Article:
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The momentum for OLED laptops and tablet PCs has faded

Agam Shah | June 15, 2016
Shipments of OLED laptops have been hit with delays, and display makers are not showing interest in making panels.

Innovative laptops and tablet PCs with snazzy OLED screens took CES by storm back in January. The sleek devices promised sharper colors while providing longer battery life.

Five months later, that early momentum seems to have come to a screeching halt. OLED screens aren't reaching laptops and tablets as quickly as they are reaching large-screen TVs, mobile devices, and wearables.

Shipment issues have also plagued laptops and 2-in-1s with OLEDs, and display makers have shown little interest in pursuing OLED panels for PC devices.

Dell's Alienware 13 gaming laptop with an OLED screen, which was supposed to ship in April, is finally available starting at $1,299. Delays have hit Lenovo's 14-inch ThinkPad X1 Yoga, which is listed as "coming soon." Lenovo did not provide a reason for the delay.

HP recently started shipping its Spectre x360 Convertible Laptop with a 13.3-inch OLED screen, at the end of the "spring" time period when the company said it would ship it. Samsung's Galaxy TabPro S was the first device shown at CES out of the gate, with the 13.3-inch OLED 2-in-1 shipping in March.

Since CES, no PC maker has announced a significant product with an OLED screen. Most laptops and tablets screens deliver adequate performance with LED backlighting, and there are issues with OLEDs that need to be resolved, said David Hsieh, senior director of displays at IHS DisplaySearch.

Like in TVs, OLED is expected to ultimately replace LED in laptops and tablets. OLEDs don't have lighting back-panels, which makes them thinner and more power efficient than LEDs. A thin layer of organic material emits light when current passes through, while LED is a voltage-driven display with a backlight.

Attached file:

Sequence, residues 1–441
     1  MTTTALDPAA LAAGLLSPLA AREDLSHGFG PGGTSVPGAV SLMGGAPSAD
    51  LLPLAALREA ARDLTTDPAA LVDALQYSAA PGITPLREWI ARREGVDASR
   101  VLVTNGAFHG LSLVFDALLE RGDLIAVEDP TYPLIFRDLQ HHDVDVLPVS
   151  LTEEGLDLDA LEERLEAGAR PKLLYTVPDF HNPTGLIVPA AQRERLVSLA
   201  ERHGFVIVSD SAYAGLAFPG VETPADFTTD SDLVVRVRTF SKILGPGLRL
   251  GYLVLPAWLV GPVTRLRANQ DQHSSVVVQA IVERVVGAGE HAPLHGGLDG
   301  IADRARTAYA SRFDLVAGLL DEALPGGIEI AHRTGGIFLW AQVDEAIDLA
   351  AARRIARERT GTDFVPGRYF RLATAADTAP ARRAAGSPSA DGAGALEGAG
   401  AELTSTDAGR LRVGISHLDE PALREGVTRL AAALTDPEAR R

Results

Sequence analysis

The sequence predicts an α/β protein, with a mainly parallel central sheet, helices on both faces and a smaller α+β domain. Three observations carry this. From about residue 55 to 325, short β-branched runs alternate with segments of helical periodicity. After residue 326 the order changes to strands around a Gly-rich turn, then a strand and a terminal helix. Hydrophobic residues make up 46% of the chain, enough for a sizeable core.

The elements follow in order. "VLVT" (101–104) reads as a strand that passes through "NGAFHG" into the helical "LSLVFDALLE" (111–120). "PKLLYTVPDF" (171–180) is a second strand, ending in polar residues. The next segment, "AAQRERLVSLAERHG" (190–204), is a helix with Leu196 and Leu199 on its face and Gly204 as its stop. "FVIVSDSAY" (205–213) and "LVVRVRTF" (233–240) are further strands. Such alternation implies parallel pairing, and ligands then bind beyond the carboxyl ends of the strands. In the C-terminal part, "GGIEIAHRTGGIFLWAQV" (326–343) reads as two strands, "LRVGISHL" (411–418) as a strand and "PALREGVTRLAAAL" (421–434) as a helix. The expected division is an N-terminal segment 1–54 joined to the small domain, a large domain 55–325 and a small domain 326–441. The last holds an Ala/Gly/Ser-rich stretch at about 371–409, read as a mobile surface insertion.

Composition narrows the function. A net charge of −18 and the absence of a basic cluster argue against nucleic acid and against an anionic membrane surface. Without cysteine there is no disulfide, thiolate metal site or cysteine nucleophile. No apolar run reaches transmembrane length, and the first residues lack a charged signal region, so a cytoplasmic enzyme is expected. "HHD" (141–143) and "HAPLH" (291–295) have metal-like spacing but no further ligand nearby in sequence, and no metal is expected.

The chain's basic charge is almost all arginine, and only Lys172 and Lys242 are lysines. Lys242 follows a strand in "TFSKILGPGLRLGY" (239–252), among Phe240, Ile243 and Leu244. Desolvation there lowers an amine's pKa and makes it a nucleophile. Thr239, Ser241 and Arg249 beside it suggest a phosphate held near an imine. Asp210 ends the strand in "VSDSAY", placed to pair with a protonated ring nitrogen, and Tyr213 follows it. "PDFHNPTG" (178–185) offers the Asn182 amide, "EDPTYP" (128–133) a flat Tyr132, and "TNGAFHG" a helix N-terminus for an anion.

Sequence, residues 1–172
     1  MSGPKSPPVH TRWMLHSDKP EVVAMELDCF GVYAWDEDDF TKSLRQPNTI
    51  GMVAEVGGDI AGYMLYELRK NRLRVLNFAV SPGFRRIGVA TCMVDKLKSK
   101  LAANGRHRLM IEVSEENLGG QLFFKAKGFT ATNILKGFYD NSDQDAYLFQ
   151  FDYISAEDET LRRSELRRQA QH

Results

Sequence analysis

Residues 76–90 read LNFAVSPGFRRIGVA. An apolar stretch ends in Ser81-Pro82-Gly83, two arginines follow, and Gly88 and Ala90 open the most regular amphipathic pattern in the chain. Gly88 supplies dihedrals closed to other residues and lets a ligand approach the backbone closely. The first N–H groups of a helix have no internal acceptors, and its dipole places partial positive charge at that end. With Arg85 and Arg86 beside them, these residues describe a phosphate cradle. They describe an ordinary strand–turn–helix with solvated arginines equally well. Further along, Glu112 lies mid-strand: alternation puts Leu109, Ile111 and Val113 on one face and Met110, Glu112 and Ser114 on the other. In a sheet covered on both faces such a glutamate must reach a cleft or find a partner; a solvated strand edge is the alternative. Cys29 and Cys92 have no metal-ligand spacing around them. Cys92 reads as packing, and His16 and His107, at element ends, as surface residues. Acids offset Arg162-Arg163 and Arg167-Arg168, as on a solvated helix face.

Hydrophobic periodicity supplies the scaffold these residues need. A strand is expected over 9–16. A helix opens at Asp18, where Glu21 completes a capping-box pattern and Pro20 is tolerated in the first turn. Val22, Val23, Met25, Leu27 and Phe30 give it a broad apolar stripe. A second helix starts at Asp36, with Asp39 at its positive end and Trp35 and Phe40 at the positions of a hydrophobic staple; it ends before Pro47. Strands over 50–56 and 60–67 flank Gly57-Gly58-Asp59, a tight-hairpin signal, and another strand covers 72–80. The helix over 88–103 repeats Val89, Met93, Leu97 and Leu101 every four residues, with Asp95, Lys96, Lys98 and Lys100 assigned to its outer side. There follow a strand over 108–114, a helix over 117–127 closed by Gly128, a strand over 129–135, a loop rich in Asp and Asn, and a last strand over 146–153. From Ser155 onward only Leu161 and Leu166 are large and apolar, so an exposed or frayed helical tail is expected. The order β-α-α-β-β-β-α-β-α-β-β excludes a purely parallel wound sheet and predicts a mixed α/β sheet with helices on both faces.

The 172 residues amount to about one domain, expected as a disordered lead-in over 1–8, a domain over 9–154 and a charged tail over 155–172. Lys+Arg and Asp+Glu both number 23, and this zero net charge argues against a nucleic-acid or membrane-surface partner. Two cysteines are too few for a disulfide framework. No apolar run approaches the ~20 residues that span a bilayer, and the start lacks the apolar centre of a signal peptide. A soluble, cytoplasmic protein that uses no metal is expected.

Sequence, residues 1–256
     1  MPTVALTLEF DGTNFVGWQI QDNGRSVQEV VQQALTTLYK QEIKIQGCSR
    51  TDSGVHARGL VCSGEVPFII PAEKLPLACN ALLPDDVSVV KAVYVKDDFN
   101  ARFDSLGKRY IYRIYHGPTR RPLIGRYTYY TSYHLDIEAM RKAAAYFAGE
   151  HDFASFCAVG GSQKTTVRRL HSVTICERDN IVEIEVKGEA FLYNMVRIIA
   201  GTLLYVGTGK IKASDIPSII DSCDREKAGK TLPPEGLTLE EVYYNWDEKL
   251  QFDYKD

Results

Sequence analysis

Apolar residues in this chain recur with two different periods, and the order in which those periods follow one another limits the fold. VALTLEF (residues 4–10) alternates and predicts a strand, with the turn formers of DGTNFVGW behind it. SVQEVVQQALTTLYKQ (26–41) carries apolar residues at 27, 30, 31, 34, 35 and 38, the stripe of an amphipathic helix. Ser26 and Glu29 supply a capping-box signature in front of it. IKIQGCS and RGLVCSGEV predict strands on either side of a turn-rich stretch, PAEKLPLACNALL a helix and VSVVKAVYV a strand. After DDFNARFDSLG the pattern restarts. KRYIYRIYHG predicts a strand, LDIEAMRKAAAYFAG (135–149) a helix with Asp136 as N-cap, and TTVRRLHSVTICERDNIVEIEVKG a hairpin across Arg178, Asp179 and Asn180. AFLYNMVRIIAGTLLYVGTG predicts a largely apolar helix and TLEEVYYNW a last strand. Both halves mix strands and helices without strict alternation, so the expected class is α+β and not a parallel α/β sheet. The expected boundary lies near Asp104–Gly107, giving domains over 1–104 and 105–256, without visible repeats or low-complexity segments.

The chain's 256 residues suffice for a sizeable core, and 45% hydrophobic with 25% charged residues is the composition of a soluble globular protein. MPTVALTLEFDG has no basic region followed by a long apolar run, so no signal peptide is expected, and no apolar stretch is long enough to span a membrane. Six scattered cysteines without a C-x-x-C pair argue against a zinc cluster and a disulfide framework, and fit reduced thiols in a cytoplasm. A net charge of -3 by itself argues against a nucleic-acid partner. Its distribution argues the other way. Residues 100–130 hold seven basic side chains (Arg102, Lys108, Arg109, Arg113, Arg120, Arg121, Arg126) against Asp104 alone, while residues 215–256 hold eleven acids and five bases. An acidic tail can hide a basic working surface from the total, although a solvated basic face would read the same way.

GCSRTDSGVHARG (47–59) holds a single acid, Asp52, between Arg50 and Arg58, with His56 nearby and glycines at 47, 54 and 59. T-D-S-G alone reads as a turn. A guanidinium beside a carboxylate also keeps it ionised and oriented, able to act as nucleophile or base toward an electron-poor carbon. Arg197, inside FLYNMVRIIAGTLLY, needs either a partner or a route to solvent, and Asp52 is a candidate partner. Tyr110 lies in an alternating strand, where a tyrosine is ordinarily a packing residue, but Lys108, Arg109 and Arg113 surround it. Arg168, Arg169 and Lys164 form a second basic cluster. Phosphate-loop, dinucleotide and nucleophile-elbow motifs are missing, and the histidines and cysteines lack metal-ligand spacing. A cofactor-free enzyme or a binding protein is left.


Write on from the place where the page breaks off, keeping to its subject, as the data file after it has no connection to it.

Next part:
The OLED panels are thinner, which makes devices sleeker. OLED offers better response times and contrast ratios.

The current OLED laptop market is aimed at gamers and multimedia workers.

"These markets care a lot about the design form factor and specifications. It takes a longer time for the PC [makers] to work on it," Hsieh said.

HP, for one, doesn't have immediate plans to introduce OLED screens across a wide range of products unless there's an application for it, Mike Nash, the company's vice president of the customer experience and portfolio strategy, said back in a January interview.

Despite the power and size advantages, some issues need to be resolved before OLED appeals to PC makers. OLED PCs are selling at a premium as the panels are still not being mass-produced, Hsieh said.

An OLED PC isn't worth a premium, however, if used only for Web surfing. The OLED benefits kick in when brighter colors are shown, which is when it uses less energy than LED. The power benefits of OLED over LED are negligible in static color backgrounds.

 

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